Gearing up for Infrastructure Investment: Stakeholders target needs

Mayor of London Boris Johnson announced London’s first long-term Infrastructure Investment Plan at his Vision 2020 launch in June, and the GLA has been busy scoping the project since. On December 16th, Future of London joined the first IIP stakeholder day at City Hall, to explore options for meeting London’s growing infrastructure needs.

Central to the success of the IIP is a clear understanding of context. London’s population is booming, projected to grow to 11.3 million people by 2050. How will the Capital’s infrastructure handle the demands of 3 million more Londoners when systems of all kinds are already straining to serve today’s population?

Aimed at central and local policymakers, investors and the general public, the Plan sets infrastructure as an absolute requirement for a resilient and competitive London. Transport, energy, waste, water, green infrastructure, telecommunications, and social infrastructure – including housing – all fall within the IIP’s wide remit.

That spectrum is already ambitious, but the IIP’s mandate is even more so: to clearly identify the capital’s infrastructure needs through 2050, cost them, and find ways to fund and finance them.

Facilitated by cities expert Greg Clark, the Dec 16th session brought together representatives from the public, private and third sectors to test the IIP’s emerging findings. The GLA’s call for evidence and responses from the day revealed a few cross-cutting themes, including:

  • This is not just a long-term planning exercise aimed at a 2050 solution. Existing pressure points and the degree to which demand is already unmet mean there’s an urgent need to plan and deliver infrastructure that serves us today.
  • Demand management, and realising efficiencies, must be part of the equation. Tensions created by driving demand through increased capacity should be considered.
  • New ways of funding capital investment will be vital for maintaining and upgrading existing infrastructure, as well as undertaking new projects – for example, considering the London Finance Commission’s recommendation for the devolution of property taxes to the Capital.

Jeremy Skinner, GLA Senior Manager for Growth and Enterprise, laid out the IIP context and emerging findings, and the day also included expert panellists, lively Q&A sessions, and a series of sector-based working groups. Future of London Director Lisa Taylor chaired the housing workshop, which included briefings from GLA draft housing strategy leads Alan Benson and Nick Taylor. The housing group raised both thorny questions and possible approaches such as:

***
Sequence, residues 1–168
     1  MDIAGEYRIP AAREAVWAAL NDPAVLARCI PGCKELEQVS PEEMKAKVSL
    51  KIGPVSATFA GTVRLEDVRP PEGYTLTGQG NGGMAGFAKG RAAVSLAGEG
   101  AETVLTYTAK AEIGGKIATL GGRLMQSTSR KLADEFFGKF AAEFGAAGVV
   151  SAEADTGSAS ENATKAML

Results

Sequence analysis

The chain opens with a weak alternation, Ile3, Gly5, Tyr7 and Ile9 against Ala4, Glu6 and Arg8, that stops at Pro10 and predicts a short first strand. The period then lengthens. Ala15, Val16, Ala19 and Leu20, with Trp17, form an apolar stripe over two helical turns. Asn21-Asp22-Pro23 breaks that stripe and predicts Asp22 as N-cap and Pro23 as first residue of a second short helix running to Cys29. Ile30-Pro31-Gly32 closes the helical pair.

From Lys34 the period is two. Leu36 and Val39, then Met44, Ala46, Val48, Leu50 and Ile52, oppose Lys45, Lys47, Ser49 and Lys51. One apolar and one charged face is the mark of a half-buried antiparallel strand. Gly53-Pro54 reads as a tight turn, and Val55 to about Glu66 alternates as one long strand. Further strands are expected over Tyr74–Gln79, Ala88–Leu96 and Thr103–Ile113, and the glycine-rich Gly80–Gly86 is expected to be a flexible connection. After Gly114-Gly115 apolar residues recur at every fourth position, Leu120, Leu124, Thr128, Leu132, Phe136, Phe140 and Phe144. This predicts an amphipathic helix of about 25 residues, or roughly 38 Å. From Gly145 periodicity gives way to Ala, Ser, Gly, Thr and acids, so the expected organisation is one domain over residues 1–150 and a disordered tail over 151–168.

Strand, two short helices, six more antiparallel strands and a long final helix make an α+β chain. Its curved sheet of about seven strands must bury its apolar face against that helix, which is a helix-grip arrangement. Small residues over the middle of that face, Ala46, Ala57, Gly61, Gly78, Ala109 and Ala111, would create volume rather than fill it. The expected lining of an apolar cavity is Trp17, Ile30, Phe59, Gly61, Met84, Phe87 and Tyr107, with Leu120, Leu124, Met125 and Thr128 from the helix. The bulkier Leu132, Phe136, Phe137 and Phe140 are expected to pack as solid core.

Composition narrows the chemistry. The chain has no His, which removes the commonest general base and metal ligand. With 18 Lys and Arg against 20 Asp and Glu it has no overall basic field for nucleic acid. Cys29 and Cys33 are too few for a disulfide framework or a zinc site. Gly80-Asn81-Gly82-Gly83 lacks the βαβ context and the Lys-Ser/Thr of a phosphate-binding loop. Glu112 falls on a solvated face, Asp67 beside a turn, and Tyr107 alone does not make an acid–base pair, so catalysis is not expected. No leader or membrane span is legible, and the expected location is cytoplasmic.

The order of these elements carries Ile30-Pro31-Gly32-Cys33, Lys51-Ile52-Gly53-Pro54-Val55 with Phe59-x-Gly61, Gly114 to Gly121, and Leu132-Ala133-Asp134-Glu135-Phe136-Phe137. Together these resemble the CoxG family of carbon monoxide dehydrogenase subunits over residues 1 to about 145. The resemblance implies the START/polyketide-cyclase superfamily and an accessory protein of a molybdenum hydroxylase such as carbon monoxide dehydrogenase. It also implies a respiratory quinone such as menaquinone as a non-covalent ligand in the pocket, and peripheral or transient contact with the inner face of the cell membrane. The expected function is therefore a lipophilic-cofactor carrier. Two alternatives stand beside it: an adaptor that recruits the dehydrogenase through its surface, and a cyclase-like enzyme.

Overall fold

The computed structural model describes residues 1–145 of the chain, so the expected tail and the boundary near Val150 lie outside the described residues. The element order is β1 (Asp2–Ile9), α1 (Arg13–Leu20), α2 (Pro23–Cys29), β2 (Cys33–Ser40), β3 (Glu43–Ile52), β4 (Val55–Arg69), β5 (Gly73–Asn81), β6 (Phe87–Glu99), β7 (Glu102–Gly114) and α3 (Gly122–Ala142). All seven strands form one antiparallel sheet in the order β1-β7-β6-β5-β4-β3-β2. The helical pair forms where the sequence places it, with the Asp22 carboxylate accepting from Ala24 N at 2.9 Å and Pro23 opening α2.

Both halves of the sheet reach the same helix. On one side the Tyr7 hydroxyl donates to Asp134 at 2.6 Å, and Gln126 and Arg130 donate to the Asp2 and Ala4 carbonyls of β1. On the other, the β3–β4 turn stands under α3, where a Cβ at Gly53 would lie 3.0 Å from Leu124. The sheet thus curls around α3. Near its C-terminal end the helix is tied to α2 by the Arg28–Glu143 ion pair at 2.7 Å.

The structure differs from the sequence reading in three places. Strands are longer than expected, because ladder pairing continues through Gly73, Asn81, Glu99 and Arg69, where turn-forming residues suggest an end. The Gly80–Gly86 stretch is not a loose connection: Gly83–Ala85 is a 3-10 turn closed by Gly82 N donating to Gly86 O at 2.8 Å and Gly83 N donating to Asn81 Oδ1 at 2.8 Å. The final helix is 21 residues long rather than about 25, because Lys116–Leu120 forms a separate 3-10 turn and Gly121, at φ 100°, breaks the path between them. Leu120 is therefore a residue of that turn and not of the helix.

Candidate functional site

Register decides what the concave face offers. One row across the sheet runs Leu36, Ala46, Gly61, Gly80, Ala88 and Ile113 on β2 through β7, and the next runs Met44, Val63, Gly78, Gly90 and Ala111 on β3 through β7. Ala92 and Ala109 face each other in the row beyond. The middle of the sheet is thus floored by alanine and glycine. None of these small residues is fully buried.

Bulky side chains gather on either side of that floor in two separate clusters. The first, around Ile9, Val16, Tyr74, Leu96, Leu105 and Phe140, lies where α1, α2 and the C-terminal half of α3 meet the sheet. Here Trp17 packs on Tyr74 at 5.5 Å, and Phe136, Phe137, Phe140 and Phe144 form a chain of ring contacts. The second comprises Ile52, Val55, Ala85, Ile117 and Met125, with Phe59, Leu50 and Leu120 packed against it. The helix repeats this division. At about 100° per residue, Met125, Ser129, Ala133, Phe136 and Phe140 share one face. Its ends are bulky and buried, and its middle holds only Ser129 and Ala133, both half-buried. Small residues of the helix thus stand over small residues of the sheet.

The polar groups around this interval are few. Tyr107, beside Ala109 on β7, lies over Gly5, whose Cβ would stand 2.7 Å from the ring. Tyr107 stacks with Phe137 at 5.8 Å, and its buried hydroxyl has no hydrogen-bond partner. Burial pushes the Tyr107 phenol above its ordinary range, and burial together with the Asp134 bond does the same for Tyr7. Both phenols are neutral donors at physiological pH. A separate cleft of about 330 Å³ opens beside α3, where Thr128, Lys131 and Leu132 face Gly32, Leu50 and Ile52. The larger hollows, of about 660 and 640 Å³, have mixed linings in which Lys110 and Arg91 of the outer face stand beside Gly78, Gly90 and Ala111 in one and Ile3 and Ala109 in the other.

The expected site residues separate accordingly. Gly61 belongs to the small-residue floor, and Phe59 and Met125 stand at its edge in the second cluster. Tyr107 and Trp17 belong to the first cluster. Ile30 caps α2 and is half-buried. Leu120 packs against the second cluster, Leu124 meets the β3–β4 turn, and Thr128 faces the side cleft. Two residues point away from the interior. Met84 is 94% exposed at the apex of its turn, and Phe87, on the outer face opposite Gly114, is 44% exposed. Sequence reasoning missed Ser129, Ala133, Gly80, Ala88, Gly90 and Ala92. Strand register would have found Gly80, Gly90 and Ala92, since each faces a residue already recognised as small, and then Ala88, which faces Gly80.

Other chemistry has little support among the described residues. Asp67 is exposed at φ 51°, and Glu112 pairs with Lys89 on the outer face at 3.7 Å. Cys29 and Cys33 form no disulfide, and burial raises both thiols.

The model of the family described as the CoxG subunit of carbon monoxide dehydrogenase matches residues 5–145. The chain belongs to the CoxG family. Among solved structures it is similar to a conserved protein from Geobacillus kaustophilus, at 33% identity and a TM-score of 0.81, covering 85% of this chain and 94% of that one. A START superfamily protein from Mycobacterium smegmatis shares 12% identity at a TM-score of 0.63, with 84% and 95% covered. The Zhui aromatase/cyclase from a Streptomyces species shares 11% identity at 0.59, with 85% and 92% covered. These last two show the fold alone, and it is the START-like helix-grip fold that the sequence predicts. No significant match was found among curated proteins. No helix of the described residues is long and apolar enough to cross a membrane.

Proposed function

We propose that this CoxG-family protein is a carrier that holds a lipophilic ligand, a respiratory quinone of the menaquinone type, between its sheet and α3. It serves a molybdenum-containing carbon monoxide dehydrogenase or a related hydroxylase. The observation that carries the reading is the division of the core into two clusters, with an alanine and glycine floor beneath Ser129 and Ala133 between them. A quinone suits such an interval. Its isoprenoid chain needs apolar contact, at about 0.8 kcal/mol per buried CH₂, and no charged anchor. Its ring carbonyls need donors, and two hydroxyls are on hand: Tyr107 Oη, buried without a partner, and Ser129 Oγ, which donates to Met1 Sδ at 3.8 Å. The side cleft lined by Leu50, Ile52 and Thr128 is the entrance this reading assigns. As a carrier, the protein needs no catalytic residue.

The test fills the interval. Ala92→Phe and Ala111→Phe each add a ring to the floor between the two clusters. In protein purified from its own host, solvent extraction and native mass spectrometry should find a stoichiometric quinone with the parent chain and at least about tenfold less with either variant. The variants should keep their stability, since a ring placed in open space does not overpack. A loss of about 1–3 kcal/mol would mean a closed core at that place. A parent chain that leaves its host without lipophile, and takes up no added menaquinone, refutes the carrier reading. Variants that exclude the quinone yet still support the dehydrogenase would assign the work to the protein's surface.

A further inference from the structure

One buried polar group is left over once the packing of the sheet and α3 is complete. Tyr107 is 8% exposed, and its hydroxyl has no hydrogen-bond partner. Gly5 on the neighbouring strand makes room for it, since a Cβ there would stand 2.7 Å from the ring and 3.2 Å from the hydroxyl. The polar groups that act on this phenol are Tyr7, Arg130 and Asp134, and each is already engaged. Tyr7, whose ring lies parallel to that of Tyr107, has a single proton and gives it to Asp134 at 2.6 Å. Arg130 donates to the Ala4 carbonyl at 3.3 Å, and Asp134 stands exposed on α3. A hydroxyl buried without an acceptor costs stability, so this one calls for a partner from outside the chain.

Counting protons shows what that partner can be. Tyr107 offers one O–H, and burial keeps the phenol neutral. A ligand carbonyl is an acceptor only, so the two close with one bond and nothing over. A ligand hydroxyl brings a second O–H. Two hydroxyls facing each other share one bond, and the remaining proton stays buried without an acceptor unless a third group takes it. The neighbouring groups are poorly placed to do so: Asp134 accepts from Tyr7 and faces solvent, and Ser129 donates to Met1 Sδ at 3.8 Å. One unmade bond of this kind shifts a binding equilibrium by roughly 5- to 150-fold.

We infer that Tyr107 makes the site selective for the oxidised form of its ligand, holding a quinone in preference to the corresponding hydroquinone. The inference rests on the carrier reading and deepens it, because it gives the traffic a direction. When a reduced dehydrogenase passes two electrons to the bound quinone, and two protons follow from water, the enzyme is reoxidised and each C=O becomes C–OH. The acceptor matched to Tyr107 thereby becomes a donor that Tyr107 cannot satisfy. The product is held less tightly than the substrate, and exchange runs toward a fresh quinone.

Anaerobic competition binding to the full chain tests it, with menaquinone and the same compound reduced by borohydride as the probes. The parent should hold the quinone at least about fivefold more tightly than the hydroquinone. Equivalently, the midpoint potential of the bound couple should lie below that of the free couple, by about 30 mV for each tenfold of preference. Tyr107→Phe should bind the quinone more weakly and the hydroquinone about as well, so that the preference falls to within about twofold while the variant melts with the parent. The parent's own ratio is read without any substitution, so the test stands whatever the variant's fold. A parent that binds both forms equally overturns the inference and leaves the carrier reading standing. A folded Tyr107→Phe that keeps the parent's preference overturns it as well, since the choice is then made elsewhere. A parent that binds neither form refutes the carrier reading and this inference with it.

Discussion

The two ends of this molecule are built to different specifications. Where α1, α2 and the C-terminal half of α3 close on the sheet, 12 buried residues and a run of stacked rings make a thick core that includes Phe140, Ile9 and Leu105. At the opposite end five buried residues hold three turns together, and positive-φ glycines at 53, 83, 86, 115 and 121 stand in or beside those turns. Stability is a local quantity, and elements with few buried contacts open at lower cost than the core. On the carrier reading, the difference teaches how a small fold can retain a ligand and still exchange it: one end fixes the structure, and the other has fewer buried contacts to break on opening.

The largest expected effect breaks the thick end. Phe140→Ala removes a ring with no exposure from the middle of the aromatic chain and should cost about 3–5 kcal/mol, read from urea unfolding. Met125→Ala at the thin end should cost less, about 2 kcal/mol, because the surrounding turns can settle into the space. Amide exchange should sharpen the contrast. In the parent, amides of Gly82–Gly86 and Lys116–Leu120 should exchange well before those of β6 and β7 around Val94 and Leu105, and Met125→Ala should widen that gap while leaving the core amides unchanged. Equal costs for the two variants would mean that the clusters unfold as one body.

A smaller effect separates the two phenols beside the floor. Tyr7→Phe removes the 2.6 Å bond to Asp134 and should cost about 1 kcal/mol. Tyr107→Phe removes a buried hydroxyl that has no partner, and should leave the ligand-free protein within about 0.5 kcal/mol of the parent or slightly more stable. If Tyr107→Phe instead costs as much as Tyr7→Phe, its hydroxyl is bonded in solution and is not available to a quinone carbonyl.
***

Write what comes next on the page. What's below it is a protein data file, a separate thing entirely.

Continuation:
• how to stretch from the anticipated capacity of 42,000 homes built per year to the 50,000-60,000 needed to meet projections – and do it fairly, for all who need housing;
  • how to address attitudes about density within central London, and how to build workable agreements with Southeast England authorities likely to absorb some of London’s overflow;
  • setting hard affordable-housing percentages for development, and considering Housing Zones that would have funding and planning powers as Enterprise Zones do;
  • improving the quality of the private rented sector, and exploring more avenues for getting on the home-ownership ladder;
  • exploring funding and finance mechanisms such as a London Housing Bank to provide a revolving fund for affordable homes, or even a bond for overseas – and/or other – property investors that could help fund housing and related infrastructure.

A key IIP objective is building support for infrastructure development and spending, including finding ways for stakeholders to visualise the need for it. One image that resonated with this audience was the GLA’s assertion that Ealing in 2050 could have a density similar to that of Singapore today. Several stakeholders also echoed a point we made at the launch of the London 2062 anthology: for those who have difficulty grasping what London in 2050 could be, looking back that far in time demonstrates the scope of change over just a few decades.

The IIP’s interim report is expected in Spring 2014, with the final report tentatively scheduled for release in Summer 2014. Watch for further updates on the Future of London website.